Greenwich Village: Smith’s from this week’s Openings starts serving tonight. [Eater]
Midwood: Yes, Dom De Marco’s pies at Di Fara’s are impressive, but what’s really cause for amazement is “his asbestos hands. That man can pull a square pie out of the oven, which must be about 800 degrees, with his bare hands.” [Eat for Victory/VV]
Nolita: Public’s butternut-squash soup with spiced marshmallows, crispy chickpeas, and pumpkin-seed oil is just one example in this list of fall dishes showing up all over town. [Restaurant Girl]
Prospect-Lefferts-Gardens: Meytex Lounge is now calling itself Meytex Cafe, but their tasty fried chicken hasn’t changed. [Across the Park]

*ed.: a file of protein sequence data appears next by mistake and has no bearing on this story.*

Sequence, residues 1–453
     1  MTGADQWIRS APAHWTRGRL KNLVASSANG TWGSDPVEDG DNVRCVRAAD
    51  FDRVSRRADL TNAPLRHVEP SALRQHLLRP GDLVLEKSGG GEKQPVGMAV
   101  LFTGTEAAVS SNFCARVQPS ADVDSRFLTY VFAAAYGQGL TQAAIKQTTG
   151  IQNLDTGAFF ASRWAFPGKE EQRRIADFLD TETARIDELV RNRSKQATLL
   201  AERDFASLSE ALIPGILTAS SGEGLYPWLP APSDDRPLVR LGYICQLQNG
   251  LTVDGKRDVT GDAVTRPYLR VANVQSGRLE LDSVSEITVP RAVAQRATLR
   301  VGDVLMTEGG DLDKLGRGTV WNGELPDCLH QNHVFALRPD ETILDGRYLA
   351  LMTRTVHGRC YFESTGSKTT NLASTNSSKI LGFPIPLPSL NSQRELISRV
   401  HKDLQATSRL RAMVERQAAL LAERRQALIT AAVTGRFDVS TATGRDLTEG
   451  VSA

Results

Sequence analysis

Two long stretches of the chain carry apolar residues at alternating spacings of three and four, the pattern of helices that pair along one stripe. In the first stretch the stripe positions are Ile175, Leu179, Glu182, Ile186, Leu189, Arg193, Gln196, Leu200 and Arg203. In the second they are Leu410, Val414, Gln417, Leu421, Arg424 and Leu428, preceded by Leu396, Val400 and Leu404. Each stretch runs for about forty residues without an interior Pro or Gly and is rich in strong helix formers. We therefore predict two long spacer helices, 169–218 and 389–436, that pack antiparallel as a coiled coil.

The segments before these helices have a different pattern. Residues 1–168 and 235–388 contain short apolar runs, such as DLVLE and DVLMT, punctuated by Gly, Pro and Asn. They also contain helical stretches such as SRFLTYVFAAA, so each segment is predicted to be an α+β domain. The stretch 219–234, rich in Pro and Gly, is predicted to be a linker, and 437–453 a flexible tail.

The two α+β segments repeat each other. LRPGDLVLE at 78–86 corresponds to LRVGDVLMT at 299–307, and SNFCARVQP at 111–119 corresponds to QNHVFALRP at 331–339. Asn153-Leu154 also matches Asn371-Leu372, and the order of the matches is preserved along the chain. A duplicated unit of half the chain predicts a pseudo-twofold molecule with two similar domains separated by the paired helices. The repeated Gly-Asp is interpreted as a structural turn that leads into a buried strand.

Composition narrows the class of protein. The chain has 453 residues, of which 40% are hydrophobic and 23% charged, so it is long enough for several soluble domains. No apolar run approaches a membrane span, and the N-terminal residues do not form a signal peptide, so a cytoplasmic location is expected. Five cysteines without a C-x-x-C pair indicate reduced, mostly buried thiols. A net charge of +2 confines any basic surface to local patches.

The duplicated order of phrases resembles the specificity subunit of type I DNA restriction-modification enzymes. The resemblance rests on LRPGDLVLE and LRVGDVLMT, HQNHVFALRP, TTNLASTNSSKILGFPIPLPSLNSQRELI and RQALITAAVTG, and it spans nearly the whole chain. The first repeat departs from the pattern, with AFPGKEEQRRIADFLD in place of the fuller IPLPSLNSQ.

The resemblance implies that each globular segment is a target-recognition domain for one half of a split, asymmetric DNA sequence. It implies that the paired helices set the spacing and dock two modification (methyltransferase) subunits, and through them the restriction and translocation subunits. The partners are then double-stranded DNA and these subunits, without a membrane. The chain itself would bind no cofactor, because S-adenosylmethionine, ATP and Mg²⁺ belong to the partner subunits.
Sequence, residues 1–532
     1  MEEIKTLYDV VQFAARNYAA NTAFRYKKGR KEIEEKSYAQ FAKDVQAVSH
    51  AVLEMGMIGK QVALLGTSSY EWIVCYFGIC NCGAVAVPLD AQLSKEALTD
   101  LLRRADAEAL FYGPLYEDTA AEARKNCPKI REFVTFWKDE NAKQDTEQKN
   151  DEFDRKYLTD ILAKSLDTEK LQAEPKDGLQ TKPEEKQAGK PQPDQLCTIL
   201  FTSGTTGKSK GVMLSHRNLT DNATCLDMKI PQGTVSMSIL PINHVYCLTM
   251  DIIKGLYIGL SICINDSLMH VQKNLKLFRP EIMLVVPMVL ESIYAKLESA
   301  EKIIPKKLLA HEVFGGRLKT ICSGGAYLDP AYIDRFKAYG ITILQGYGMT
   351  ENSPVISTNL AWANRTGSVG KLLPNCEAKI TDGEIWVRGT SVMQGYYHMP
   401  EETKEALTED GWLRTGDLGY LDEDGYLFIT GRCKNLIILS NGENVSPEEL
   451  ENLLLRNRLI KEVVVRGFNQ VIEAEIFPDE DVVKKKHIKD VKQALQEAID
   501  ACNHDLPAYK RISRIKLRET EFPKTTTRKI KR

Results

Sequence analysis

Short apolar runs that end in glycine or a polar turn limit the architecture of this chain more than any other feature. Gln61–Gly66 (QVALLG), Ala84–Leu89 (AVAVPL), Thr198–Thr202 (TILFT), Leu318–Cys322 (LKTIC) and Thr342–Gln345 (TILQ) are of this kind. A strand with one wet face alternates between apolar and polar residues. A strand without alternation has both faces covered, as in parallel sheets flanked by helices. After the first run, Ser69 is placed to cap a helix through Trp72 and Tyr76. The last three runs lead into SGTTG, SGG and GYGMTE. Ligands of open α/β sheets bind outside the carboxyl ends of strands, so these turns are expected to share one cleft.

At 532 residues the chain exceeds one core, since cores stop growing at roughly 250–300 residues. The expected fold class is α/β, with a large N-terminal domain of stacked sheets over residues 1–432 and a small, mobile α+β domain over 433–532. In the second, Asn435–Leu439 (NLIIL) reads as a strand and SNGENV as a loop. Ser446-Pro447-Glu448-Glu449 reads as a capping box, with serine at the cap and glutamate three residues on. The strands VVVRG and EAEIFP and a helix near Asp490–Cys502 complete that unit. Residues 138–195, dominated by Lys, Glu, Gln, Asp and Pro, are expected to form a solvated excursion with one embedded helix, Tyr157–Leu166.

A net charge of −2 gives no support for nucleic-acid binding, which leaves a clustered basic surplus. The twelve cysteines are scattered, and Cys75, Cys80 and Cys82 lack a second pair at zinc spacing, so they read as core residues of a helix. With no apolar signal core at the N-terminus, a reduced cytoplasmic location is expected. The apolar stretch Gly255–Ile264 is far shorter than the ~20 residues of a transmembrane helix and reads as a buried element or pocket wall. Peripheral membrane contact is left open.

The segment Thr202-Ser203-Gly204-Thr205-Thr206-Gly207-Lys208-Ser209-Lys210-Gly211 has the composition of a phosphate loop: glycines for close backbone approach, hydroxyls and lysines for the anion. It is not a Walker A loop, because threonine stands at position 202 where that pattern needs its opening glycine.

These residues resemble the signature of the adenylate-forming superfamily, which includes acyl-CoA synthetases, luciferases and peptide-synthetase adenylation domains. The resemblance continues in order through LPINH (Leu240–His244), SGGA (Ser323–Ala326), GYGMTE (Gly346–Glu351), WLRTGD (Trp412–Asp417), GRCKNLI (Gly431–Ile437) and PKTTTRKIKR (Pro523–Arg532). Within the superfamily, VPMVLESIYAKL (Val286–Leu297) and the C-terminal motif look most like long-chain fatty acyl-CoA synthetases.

The unused Building D of Essex Street Market may get new life. Residents want low-rent housing there; city law compels the building to be used for food-related businesses. [NYT]
Two veterans of Gramercy Tavern and Blue Smoke will open Huckleberry Bar, described as “the bar at your favorite Danny Meyer restaurant” but in East Williamsburg. There will also be British and southern mix of small plates from a 5 Ninth alum, no doubt like the food at your favorite Zak Pelaccio restaurant. [Strong Buzz]
Hard liquor sales on Wall Street are up significantly since the stock market plummeted on August. 16, says one wine shop owner. [NYT]
The response to our Meatopia V contest has been overwhelming. Grub Street is populated by committed carnivores who have filled our meat cooler with brilliant ideas for next year’s edible animal gala. We’ll highlight some of the best throughout the day and announce the winners tomorrow. (Entry deadline is 6 p.m. today.) Here are three of our favorites.